Wednesday, September 21, 2011

Shel, Is That Really You?

It's like hearing from a friend you never thought you'd see again.

The late great Shel Silverstein, the genius behind Where the Sidewalk Ends, returns in a posthumous collection of never-before-published poems just released from HarperCollins.

Every Thing On It, out yesterday ($19.99, 208 pages), contains 145 illustrated poems that are signature Shel: off-the-cuff silly, wonderfully matter-of-fact, and in a few sparkling entries, self-effacing and poignant.

Silverstein's genuineness comes through in ever line, reminding us why we've adored his work. He was a dreamer and a kid at heart. He wasn't afraid to let it all out, even the wackiest of thoughts, and say things as they were (Woulda-Coulda-Shoulda and God's Wheel).

He made us feel great about trying (Listen to the Mustn'ts) and he got what kids were about. He gave them a voice when they felt unheard (The Little Boy and The Old Man) and even acted the rapscallion, playing off perceived injustices (Remote-a-Dad).

There wasn't anything, it would seem, he stayed away from, and as this poem in his new collection shows, he wasn't even averse to laughing at the craft he held dear: 

A lizzard in a blizzard
Got a snowflake in the gizzard
And nothing else much happened, I'm afraid,
But lizard rhymed with blizzard
And blizzard rhymed with gizzard
And that, my dear, is why most poems are made.

Some of his most hilarious poems are about kids being kids -- wanting more say in what they can do or seeing what they can get away with.

Here's a new one both parents and kids will chuckle about:

I have a disease called
The "lovetobutcants" --
I think it's time I told it.
I'd love to help with that garbage can
But my fingers just can't hold it.
Hand me a bag of groceries and
My wrists just turn to jelly.
Cuttin' grass and hedges
Gives me flutters of the belly.
The smell of paint will make me faint,
Sweat makes my eyes start itchin'.
Dishwater on my little hands
Will start 'em shaky-twitchin'.
PIckin' clothes up off the floor
Would paralyze my shoulder.
I must not try to close a door,
At least not till I'm older.
So though I'd love to join the work --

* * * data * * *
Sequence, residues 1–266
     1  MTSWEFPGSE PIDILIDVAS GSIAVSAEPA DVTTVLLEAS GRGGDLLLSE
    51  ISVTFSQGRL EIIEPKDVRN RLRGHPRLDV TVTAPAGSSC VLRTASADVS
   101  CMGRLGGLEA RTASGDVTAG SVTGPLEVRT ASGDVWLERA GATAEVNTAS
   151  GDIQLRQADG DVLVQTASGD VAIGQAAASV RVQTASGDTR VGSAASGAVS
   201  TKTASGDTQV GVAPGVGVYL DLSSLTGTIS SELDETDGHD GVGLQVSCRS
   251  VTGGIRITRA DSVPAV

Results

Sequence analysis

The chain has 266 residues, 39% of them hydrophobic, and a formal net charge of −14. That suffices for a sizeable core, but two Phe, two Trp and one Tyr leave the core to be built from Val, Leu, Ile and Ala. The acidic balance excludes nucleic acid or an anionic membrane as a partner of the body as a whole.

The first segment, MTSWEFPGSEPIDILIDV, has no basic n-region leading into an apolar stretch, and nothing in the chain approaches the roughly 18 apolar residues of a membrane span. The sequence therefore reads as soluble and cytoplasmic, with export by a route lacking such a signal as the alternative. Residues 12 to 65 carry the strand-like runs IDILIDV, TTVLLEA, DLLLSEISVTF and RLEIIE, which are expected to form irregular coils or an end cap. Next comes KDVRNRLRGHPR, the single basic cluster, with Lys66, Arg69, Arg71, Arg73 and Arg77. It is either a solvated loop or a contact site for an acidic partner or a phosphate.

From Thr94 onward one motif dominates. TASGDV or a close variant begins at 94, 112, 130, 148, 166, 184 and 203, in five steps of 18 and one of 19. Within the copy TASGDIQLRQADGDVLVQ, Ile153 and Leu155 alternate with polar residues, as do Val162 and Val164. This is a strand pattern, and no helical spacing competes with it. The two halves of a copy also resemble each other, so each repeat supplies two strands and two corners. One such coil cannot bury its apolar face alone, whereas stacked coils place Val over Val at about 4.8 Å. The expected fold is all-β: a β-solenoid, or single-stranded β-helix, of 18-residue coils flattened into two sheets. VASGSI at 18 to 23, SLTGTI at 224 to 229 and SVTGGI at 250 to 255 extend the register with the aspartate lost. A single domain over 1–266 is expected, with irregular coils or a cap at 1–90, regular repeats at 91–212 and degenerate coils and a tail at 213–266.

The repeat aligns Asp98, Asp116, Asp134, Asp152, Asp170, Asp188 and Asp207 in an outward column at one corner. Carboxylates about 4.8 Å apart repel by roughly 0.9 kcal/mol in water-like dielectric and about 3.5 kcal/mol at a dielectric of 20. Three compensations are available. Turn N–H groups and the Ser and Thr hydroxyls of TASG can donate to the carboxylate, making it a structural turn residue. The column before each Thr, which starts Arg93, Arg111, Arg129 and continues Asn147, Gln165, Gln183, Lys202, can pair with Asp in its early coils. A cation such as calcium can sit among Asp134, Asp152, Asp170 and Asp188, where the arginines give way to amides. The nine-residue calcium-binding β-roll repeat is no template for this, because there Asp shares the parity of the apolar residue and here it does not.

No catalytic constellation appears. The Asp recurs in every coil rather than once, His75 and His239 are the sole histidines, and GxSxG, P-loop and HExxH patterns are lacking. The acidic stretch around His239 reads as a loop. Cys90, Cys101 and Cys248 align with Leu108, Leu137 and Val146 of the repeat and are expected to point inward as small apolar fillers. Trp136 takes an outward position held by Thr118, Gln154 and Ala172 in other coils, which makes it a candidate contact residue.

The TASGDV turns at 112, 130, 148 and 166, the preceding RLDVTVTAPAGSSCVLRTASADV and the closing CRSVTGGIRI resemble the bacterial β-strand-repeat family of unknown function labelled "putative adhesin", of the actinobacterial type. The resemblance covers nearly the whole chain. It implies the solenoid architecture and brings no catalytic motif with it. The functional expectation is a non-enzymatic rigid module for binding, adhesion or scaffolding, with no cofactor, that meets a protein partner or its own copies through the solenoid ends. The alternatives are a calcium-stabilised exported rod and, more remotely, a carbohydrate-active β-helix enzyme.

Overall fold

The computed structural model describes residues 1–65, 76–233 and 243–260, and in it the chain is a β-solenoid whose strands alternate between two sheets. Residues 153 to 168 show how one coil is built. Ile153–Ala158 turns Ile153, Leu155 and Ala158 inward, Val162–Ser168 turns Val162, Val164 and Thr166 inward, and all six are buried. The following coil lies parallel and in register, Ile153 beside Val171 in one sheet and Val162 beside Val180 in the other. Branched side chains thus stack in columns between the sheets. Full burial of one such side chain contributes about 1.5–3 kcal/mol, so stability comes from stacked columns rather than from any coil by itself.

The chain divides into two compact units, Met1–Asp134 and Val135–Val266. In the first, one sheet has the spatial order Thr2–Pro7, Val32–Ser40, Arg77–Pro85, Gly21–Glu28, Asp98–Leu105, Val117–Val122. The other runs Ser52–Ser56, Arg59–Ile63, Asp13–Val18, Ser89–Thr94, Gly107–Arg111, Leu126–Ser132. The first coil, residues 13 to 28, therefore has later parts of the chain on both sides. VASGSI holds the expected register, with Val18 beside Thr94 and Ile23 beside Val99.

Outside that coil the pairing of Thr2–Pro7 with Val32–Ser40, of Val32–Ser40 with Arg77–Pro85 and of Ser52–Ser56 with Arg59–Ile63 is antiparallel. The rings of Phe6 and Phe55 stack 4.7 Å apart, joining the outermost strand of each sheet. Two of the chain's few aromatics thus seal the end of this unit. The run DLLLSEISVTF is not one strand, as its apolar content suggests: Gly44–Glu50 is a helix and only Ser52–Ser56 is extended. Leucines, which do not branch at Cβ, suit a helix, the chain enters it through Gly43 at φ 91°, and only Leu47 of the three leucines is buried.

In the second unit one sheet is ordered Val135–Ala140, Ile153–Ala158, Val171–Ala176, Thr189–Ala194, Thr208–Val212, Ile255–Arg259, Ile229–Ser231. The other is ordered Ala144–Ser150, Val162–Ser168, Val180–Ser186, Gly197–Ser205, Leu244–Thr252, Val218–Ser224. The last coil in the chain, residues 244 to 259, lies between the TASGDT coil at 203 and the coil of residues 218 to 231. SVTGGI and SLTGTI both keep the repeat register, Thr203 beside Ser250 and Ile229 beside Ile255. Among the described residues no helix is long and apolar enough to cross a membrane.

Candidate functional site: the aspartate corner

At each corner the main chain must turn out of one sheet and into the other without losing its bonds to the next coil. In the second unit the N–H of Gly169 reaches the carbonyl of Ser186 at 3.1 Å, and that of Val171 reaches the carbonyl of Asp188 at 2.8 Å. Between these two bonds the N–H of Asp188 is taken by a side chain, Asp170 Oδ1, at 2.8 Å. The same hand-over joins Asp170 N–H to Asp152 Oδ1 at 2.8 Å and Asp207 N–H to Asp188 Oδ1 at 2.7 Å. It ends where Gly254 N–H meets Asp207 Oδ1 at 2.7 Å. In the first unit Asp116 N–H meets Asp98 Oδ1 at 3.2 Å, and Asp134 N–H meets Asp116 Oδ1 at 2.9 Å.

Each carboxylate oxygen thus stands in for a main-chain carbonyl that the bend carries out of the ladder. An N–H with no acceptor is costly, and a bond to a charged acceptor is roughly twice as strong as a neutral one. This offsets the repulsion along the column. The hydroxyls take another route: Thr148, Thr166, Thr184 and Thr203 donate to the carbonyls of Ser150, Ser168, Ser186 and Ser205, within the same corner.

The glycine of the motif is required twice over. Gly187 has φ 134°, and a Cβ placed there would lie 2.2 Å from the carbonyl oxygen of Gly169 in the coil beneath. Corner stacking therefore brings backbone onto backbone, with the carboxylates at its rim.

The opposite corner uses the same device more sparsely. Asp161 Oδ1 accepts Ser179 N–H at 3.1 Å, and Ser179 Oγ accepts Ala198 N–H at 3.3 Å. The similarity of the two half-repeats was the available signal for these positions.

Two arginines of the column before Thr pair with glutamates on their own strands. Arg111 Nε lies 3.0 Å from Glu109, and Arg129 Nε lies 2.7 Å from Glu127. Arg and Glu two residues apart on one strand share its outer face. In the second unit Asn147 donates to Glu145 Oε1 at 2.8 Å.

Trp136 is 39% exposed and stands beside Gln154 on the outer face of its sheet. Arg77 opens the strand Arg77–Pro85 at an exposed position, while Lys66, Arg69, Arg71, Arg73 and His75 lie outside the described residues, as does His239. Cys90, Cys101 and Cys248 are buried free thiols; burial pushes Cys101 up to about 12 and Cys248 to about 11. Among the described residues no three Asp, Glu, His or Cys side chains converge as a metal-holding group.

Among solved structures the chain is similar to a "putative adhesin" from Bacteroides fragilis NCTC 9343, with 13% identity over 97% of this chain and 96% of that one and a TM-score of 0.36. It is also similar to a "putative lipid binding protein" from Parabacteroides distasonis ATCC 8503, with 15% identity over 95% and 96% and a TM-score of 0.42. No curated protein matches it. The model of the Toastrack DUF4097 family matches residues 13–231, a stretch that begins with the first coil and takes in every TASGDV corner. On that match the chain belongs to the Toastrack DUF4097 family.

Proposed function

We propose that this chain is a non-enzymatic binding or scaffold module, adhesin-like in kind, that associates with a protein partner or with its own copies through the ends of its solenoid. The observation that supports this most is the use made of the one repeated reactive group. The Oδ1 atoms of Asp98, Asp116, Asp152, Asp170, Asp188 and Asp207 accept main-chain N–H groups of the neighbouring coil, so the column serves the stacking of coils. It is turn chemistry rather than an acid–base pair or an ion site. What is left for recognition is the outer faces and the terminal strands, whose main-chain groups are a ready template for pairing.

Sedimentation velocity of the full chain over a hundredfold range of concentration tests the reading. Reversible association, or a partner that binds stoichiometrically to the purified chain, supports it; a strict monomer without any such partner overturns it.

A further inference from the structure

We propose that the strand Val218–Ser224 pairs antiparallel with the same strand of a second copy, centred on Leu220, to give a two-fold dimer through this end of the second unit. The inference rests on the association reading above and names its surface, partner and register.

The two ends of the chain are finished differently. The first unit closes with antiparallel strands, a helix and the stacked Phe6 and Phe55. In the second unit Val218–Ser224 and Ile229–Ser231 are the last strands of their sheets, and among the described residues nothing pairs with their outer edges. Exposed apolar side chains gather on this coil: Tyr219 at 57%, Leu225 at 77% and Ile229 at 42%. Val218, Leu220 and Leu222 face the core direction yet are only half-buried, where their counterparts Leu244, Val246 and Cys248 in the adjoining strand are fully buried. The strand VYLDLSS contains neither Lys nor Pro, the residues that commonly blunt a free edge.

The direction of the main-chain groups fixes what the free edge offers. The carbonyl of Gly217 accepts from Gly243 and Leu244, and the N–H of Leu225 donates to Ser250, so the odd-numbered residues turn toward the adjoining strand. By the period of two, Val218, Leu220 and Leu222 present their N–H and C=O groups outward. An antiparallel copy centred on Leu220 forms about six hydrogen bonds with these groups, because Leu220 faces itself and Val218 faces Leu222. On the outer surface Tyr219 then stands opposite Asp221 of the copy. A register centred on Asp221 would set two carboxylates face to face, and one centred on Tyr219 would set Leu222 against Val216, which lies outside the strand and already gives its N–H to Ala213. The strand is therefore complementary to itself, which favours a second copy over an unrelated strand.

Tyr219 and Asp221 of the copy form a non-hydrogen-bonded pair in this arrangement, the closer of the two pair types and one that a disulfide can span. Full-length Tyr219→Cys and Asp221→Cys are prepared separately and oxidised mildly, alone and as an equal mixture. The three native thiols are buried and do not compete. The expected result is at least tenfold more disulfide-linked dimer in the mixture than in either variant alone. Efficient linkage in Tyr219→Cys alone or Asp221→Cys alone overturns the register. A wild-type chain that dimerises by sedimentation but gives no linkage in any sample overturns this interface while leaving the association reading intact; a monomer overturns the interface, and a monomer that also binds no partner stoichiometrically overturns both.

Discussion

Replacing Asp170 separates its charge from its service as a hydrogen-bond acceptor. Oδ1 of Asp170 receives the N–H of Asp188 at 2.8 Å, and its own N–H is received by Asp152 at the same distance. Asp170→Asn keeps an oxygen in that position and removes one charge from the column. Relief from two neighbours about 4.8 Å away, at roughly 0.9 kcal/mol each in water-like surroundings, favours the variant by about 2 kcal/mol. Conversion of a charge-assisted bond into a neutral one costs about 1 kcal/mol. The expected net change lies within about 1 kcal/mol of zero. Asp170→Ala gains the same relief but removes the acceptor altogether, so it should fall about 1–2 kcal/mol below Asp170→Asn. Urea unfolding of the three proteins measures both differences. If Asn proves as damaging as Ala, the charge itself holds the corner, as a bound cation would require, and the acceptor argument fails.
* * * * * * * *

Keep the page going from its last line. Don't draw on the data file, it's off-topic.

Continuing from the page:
Till this disease is done,
I'll have to lie here in the shade
While you have all the fun."

And, of course, Silverstein's imagination, glorious as it was, is here for us to marvel at again and again. This one reminded me of his poem Rain.

A spider lives inside my head
Who weaves a strange and wondrous web
Of silken threads and silver strings
To catch all sorts of flying things,
Like crumbs of thought and bits of smiles
And specks of dried-up tears,
And dust of dreams that catch and cling
For years and year and years…

Silverstein wrote with such ease, it made us think we could do it too…until we tried. Here's one I wish I could have written:

If you want to play tennis, I'll give you a tip:
You must practice your stroke,
You must tighten your grip,
You must straighten your shoulders
And swivel you hip
And develop your sense of sportsmanship.

There are even a few poems in this collection to make us all melty inside.

Those scratchy marks there on the wall,
They show how short I used to be.
They rise until they get this tall,
And Mama keeps reminding me
The way my dad would take his pen
And as I stood there, stiff and straight,
He'd put a ruler on my head
And mark the spot and write the date.
She says that it's my history,
But I don't understand at all
Just why she cries each time she sees
Those scratchy marks there on the wall.

But especially this one:

Although I cannot see your face
As you flip these poems awhile,
Somewhere from some far-off place
I hear you laughing -- and I smile.

Though it's been 12 years since Silverstein passed away, every poem feels so fresh and new that it's as if our pal Shel breezed right back to say hello again.

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